Custom woodwork and an open interior define a 520-square-foot backyard retreat for a busy family. Strips of white-oak flooring line the interior of the studio, created by designer Jeff Vincent and PATH Architecture. The George Nelson Bubble Lamp Saucer pendant is from Modernica; the kitchen cabinets and appliances are by Jenn-Air. All accessories are from Canoe and Relish. Photo by Lincoln Barbour.
On Puget Sound, activist and filmmaker Anna Hoover collaborated with Les Eerkes, a principal at Olson Kundig Architects, on a 693-square-foot studio in the woods. Using freecycled materials and a six-footed foundation to rein in construction costs, Hoover and Eerkes created a distinctive structure that treads lightly on the land. Photo by Benjamin Benschneider.
Having admired a project by Shane Blue of Bourne + Blue Architecture in Newcastle, New South Wales, Australia, James and Sue O’Sullivan asked the architect to help them create a beachside family compound in Diamond Beach, about a two-hour drive from their main house. Completed this year, the resulting structure, which comprises four main components wrapped around a central courtyard, easily accommodates the couple and their five children, ranging in age from 23 to 16, as well as extended family and friends. Photo by Simon Whitbread.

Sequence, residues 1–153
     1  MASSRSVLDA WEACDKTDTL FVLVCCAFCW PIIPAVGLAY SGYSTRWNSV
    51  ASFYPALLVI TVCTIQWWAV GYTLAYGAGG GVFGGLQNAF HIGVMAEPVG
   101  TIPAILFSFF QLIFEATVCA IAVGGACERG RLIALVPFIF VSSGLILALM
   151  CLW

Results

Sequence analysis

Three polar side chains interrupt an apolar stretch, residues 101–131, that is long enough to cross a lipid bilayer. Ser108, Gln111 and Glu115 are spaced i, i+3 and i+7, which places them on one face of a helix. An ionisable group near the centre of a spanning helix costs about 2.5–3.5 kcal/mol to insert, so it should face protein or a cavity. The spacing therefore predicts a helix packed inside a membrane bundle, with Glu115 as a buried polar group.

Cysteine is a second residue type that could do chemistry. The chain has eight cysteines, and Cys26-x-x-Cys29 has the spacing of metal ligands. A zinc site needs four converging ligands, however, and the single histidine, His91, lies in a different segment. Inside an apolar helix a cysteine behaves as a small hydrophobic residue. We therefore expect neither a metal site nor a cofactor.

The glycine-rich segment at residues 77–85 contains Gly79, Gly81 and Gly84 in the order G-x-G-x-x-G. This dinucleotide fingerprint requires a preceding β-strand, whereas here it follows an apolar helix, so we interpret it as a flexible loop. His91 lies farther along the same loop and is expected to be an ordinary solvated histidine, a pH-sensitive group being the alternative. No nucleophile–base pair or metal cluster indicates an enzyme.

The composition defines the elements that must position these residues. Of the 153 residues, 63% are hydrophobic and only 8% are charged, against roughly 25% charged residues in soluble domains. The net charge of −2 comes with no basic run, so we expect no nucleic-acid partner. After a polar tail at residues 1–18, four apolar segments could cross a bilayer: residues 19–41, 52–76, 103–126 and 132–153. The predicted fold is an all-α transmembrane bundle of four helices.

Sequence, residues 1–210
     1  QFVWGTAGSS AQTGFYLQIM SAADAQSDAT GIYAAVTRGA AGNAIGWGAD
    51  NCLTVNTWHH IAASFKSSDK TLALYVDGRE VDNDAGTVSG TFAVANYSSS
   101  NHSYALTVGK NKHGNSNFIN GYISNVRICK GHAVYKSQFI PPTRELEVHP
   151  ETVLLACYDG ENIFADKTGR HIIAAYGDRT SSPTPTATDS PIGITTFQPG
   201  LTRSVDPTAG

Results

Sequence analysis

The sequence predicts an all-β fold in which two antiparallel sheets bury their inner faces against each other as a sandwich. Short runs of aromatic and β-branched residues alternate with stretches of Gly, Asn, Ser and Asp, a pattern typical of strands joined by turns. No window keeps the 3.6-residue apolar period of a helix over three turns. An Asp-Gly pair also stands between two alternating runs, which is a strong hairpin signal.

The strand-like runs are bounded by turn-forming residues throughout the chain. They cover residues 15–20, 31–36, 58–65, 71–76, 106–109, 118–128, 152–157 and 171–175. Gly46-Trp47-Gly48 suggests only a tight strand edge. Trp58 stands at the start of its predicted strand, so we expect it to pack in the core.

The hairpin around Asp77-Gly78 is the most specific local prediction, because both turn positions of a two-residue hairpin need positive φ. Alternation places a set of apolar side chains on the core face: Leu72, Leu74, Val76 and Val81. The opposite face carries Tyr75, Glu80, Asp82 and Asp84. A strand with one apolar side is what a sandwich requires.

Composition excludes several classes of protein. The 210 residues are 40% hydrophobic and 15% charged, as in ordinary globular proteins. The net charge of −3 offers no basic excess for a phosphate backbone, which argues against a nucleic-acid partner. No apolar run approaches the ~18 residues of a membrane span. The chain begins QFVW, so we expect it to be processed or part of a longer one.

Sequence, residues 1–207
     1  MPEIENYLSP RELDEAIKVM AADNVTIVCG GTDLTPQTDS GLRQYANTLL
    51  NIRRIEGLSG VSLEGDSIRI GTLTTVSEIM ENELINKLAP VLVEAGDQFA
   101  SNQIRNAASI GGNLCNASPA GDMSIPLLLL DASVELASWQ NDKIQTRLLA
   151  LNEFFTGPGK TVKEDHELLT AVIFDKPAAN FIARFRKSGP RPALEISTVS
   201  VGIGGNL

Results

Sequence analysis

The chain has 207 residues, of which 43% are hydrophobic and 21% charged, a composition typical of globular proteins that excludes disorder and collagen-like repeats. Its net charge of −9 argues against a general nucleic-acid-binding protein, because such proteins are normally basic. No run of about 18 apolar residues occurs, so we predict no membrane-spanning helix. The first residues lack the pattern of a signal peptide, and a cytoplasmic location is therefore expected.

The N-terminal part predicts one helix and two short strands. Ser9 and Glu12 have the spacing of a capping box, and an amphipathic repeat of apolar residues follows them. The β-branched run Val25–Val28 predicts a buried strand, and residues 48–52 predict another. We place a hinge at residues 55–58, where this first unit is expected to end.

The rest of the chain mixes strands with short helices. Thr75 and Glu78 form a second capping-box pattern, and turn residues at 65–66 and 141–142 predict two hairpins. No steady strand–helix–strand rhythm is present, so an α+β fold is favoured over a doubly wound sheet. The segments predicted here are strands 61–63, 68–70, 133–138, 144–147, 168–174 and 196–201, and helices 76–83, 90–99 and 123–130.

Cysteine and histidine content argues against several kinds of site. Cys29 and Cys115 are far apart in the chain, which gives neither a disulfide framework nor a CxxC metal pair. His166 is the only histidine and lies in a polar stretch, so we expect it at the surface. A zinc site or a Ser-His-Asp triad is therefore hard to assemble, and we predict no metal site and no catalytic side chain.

A couple gets their hands dirty in Brooklyn by rehabilitating a 19th-century tenement to reveal decades of layers and scores of possibilities. The living room-office, part of the new rooftop addition, has a Forever 715 sofa by Vibieffe and a rug the couple purchased in Morocco. The custom swing double doors feature a thermally broken aluminum frame and insulated glass. Photo by Paul Barbera.
Seeking a stronger connection with his adopted city, Edoardo Allegranti revamps a lilong house in China’s bustling municipality. Carbone custom-designed the silk-covered closets along the stairwell and hung a yellow silk curtain to screen the bedroom level from light and noise. Photo by Christian Schaulin.
Two linked 1,000-square-foot pavilions are greater than a sum of their parts. “Creating efficient space is valuable, but for us, rooms that offer visual and spatial continuity with nature are also important,” architect Julie Dowling explains. “When the sliding doors are open, the living room and kitchen double in size.” Photo by Matthew Millman.